The last time I visited the Aberfoyle (Ontario) Fall Fair, the petting zoo was so bad that I ended up writing to the fair organizers and the Wellington-Dufferin-Guelph Public Health Unit. (Neither group replied). It was pretty bad. Young poultry are inappropriate petting zoo animals because of the risk of transmission of bacteria like Salmonella, yet baby chicks were being passed around to young children. One chick was injured by rough handling and the petting zoo supervisor just threw it (still alive) in the garbage. There was a diarrheic calf, poor hand hygiene facilities, and other problems.

We went back to the fair yesterday and I was quite pleasantly surprised: no chicks, no calves, all appropriate and healthy-looking animals, a clean facility and good hand hygiene stations. There were still a couple of suboptimal things, like not having hand sanitizers by one exit, and having a "supervisor" who was staring off into the wilderness and smoking inside the tent filled with kids and straw, but it was night-vs-day compared to the last time. I doubt my letter had much to do with it, but you never know.  I think it’s important that people not accept inadequacies that put the public (particularly children) at risk. People need to raise a stink when they see a problem. I wrote earlier today about a child who had her finger bitten off by a petting zoo zebra that had bitten other people. The previous bites may not have been reported because they were minor, but we need to report apparently minor problems so they don’t escalate into major injuries, disease outbreaks or other bad scenarios.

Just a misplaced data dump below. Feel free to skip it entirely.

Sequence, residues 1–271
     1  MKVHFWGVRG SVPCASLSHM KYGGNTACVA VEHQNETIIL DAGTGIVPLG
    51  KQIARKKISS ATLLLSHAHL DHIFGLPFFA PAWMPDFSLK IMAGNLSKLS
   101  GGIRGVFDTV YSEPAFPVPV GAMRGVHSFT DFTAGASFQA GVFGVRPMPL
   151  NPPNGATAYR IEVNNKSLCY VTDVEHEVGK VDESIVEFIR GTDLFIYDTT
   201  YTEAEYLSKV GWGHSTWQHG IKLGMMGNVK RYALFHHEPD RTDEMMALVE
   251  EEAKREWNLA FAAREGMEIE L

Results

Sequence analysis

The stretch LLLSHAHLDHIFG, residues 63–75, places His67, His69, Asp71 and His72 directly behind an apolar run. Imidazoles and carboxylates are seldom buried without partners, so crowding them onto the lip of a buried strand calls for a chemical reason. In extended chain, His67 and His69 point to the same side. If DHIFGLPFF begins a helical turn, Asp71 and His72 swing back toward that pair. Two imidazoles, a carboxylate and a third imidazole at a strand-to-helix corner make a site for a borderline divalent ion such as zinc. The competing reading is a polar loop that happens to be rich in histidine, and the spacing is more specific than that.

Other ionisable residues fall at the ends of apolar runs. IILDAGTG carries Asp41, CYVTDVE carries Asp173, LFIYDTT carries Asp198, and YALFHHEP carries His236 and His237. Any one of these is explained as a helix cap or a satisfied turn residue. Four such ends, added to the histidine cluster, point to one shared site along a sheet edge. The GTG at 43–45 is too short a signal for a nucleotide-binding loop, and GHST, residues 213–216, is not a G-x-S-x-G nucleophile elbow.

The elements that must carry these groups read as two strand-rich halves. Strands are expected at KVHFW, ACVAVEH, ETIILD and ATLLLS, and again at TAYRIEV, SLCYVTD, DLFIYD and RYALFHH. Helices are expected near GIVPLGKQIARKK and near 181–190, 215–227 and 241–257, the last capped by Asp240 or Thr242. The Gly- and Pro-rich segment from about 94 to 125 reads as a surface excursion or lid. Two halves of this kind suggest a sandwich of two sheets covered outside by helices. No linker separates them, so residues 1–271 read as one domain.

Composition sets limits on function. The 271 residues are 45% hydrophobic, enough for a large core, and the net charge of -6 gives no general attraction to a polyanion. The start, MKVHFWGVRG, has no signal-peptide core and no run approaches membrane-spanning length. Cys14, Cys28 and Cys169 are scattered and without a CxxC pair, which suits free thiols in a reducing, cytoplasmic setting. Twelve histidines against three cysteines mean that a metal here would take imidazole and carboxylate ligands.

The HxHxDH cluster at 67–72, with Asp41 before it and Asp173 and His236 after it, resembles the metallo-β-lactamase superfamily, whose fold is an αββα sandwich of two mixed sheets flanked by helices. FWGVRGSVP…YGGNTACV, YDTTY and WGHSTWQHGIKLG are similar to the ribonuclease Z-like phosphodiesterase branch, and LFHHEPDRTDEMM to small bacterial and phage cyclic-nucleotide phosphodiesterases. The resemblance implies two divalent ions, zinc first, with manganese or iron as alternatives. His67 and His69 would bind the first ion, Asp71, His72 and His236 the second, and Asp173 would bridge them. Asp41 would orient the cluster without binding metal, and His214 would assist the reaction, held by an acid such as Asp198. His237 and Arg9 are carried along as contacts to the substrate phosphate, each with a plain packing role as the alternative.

Anyway, it was great to see an improvement, and people in the petting zoo appeared to be having a good time. Now if they’d just work on "Big Ned’s" food concession, where the only sink seems to be a storage area with no soap or paper towels, and which appeared to be in need of a serious cleaning, or on the little midway, where they were hand cranking the questionable kiddie ferris wheel to get kids off when all the rides stopped working. Baby steps, I guess.